17 Nov How to Handle the Cash versus Accrual
The first and easiest approach is to decide that the software is technically correct, and leave it as is. A review of the open invoices and unpaid bills with their account coding will usually confirm that this is correct.
The most efficient way to do this is to perform the following procedures:
1. Create a Balance Sheet and change the date as needed
2. Confirm the report basis is cash
3. Create an open invoice and/or unpaid bills report as of the report date and confirm there are not any transactions that have not been “linked.”
4. If Accounts Receivable or Accounts Payable still has a balance, double click on it. This will create a report for the activity for the period
5. Click on modify report and then filters
6. Change the paid status to open. This will provide a list of the transactions and amounts that are coded to a Balance Sheet account and have not been reversed automatically. It is possible that the date range will need to be adjusted and add any unlinked payments (payments are, by default, considered closed transactions even if they have not been linked to another transaction).
7. It may prove helpful to modify the report to include the item column (check it on the display tab). Usually the transactions are sales tax, inventory, customer deposit liabilities, etc.
8. If the situation is not clear, it is possible to double click on the transaction to get to the form and then choose Reports > Transaction Journal to see the actual journal entry created by the form. This is specifically important for inventory items that do not show as a dollar amount on the invoice (COGS is based on average cost). Note: Any transactions that have been partially paid will be prorated to each line on the invoice.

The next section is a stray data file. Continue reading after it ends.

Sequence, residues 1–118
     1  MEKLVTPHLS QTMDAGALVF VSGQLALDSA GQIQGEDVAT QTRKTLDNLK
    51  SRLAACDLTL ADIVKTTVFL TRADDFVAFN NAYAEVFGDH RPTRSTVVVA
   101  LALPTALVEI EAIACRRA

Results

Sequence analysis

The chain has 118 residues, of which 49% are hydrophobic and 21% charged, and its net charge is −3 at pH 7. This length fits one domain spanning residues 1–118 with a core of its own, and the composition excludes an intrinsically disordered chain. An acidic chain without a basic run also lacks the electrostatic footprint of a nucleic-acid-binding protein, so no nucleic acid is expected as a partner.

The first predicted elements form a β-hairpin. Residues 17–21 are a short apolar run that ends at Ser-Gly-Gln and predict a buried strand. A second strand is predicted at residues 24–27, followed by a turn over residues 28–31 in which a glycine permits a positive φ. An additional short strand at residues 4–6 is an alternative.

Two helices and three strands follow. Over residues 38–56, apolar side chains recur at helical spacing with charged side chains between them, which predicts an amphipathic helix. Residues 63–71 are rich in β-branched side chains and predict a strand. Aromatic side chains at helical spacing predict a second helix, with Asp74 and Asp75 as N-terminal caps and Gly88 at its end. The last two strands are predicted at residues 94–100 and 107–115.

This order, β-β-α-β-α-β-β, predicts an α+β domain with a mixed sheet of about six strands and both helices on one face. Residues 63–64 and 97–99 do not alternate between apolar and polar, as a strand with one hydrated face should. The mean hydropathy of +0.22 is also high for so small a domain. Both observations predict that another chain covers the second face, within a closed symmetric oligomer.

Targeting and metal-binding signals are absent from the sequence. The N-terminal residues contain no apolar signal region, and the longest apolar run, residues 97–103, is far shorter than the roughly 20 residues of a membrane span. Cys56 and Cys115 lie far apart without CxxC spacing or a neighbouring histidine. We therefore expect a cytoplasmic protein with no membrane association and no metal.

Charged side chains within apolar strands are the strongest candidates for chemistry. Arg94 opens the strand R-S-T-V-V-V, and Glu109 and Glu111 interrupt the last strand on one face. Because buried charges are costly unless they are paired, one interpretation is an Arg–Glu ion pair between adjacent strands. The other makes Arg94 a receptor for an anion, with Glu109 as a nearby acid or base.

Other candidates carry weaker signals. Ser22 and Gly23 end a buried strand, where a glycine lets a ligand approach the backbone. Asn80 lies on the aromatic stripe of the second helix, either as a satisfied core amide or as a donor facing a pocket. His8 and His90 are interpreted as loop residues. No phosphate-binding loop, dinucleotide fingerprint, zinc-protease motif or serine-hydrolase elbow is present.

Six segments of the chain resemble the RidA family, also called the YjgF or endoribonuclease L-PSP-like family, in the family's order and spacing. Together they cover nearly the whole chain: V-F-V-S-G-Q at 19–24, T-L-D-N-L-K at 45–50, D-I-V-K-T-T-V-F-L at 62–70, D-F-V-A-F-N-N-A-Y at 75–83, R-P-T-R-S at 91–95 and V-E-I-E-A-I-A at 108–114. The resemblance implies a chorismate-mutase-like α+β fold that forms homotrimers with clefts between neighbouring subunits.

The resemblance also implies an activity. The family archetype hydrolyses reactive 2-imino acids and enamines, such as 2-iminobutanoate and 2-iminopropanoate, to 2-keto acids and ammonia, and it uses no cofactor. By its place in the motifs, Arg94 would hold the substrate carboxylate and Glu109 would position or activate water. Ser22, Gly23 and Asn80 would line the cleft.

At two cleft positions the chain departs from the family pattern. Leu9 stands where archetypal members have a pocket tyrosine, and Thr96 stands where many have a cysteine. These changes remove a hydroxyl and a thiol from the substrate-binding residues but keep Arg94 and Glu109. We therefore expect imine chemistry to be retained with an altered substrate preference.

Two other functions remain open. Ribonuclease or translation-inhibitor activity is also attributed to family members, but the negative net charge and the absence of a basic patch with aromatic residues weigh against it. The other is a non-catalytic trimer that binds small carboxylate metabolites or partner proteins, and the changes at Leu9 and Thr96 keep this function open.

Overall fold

Depending on the reporting basis of the financial statements and any related rules, it may be preferred to make a journal entry to reclassify the balance to a prepaid or accrued account, respectively. That is the second approach.
The second approach would be to make a journal entry to reclassify the balance. This approach works because journal entries are assumed to be on a cash basis as long as the A/R or A/P amount is not on the first line of the entry. The journal entry can only have one Accounts Receivable or Accounts Payable account and will need a customer or vendor for each Accounts Receivable or Accounts Payable transaction, respectively. Creating a Misc A/R customer or Misc A/P vendor will eliminate extraneous transactions in the history of any actual customers or vendors. The first day of the subsequent period, the journal entry should be reversed to eliminate the activity in Accounts Payable or Accounts Receivable. Keep in mind that the entry should typically be to a prepaid or accrued account, or to the actual Balance Sheet account that has been affected by the transaction based on the research performed in the first approach. An entry to income or cost of goods sold type accounts is incorrect. That is not the origination of the issue and doing so will distort both the Balance Sheet and Profit & Loss reports.